In the first book of this brilliant series, Stephen King introduces readers to one of his most enigmatic heroes, Roland of Gilead, The Last Gunslinger. He is a haunting figure, a loner on a spellbinding journey into good and evil. In his desolate world, which frighteningly mirrors our own, Roland pursues The Man in Black, encounters an alluring woman named Alice, and begins a friendship with the Kid from Earth called Jake. Both grippingly realistic and eerily dreamlike, The Gunslinger leaves readers eagerly awaiting the next chapter.
A book of utter mayhem, this one had to be added to the list. Here are my two favorite reviews to sum up the entirety of this book:
"Rico Slade can grab Chuck Norris by a wrist and an ankle and use him as a jump rope. If you're looking for some well-crafted literary mayhem that entertains and pleases in equal degrees, this is the book for you." - THE AUSTIN POST
"If you like violence. If you have a decent sense of humor. If you have ever wondered what would happen if Richard Brautigan wrote a 90's action film instead of killing himself in the winter of 1984...These are all great reasons to read Rico Slade Will F*cking Kill You." - HOUSEFIRE
Tom Wolfe's much-discussed kaleidoscopic non-fiction novel chronicles the tale of novelist Ken Kesey and his band of Merry Pranksters. In the 1960s, Kesey led a group of psychedelic sympathizers around the country in a painted bus, presiding over LSD-induced "acid tests" all along the way. Long considered one of the greatest books about the history of the hippies, Wolfe's ability to research like a reporter and simultaneously evoke the hallucinogenic indulgence of the era ensures that this book, written in 1967, will live long in the counter-culture canon of American literature.
With mostly favorable reviews among a great many fantasy forums, this book is a step into a different sort of magical world. ‘For a thousand years the ash fell and no flowers bloomed. For a thousand years the Skaa slaved in misery and lived in fear. For a thousand years the Lord Ruler, the "Sliver of Infinity," reigned with absolute power and ultimate terror, divinely invincible. Then, when hope was so long lost that not even its memory remained, a terribly scarred, heart-broken half-Skaa rediscovered it in the depths of the Lord Ruler's most hellish prison. Kelsier "snapped" and found in himself the powers of a Mistborn. A brilliant thief and natural leader, he turned his talents to the ultimate caper, with the Lord Ruler himself as the mark.’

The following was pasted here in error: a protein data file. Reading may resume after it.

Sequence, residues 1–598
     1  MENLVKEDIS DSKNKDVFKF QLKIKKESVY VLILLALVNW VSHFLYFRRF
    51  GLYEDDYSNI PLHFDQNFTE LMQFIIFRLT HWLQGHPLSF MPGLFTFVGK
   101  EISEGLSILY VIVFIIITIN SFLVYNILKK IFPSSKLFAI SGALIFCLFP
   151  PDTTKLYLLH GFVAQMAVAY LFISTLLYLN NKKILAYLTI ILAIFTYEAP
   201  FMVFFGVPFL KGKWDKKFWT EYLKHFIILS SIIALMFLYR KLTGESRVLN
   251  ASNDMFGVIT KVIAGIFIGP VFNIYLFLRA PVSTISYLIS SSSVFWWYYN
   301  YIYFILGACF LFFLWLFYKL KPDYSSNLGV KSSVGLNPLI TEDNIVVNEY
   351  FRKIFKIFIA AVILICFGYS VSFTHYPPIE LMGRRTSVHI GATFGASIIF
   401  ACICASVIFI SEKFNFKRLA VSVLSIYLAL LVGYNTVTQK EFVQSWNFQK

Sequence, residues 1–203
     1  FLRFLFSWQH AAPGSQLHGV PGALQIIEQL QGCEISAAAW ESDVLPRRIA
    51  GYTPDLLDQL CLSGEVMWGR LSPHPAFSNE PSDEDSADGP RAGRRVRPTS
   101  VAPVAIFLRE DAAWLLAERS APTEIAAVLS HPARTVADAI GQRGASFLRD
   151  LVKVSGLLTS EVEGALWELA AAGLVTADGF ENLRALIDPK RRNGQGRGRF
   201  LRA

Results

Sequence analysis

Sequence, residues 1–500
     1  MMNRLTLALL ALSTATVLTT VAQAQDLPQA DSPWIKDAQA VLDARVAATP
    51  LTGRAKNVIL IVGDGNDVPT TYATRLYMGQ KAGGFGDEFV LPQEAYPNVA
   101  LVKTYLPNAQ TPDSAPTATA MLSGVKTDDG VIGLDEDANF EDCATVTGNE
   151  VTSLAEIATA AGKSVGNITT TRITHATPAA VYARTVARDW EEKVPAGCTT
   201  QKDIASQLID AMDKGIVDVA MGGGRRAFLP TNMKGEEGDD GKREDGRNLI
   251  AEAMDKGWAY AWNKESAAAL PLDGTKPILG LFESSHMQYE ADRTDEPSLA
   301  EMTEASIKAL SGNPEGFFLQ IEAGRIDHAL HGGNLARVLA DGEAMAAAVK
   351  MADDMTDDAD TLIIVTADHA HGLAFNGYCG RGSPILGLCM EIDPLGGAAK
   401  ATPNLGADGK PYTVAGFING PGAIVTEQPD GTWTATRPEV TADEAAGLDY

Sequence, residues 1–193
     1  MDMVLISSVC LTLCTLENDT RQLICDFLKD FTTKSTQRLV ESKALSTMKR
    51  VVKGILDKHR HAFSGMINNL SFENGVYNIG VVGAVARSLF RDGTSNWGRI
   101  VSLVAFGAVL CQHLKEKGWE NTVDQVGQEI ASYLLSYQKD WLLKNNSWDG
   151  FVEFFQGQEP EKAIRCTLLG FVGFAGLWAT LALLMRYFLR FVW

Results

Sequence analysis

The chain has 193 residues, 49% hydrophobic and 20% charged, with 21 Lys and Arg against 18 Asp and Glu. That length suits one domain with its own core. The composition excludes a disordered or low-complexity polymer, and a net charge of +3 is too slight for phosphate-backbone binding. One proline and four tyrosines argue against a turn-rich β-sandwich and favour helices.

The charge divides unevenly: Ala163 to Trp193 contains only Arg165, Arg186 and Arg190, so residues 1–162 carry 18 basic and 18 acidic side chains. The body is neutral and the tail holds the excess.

Just read this. There’s plenty of books in the series to keep you entertained for days-at least.
Among the seminal texts of the 20th century, Nineteen Eighty-Four is a rare work that grows more haunting as its futuristic purgatory becomes more real. Published in 1949, the book offers political satirist George Orwell's nightmarish vision of a totalitarian, bureaucratic world and one poor stiff's attempt to find individuality. The brilliance of the novel is Orwell's prescience of modern life—the ubiquity of television, the distortion of the language—and his ability to construct such a thorough version of hell. Required reading for students since it was published, it ranks among the most terrifying novels ever written.
Remarkably heart-wrenching, but if you love history this is a great read. Bury My Heart at Wounded Knee is Dee Brown's eloquent, fully documented account of the systematic destruction of the American Indian during the second half of the nineteenth century. Using council records, autobiographies, and firsthand descriptions, Brown allows the great chiefs and warriors of the Dakota, Ute, Sioux, Cheyenne, and other tribes to tell us in their own words of the battles, massacres, and broken treaties that finally left them demoralized and defeated. A unique and disturbing narrative told with force and clarity, Bury My Heart at Wounded Knee changed forever our vision of how the West was really won.
A staple of my childhood, and I’d be remiss to not add it to this list, a compilation of one of the best comic strips of all time. Bill Watterson's Calvin and Hobbes has been a worldwide favorite since its introduction in 1985. The strip follows the richly imaginative adventures of Calvin and his trusty tiger, Hobbes. Whether a poignant look at serious family issues or a round of time-travel (with the aid of a well-labeled cardboard box), Calvin and Hobbes will astound and delight you.
If you think another book should be added to this list, email us! We’d love to do another edition of this article.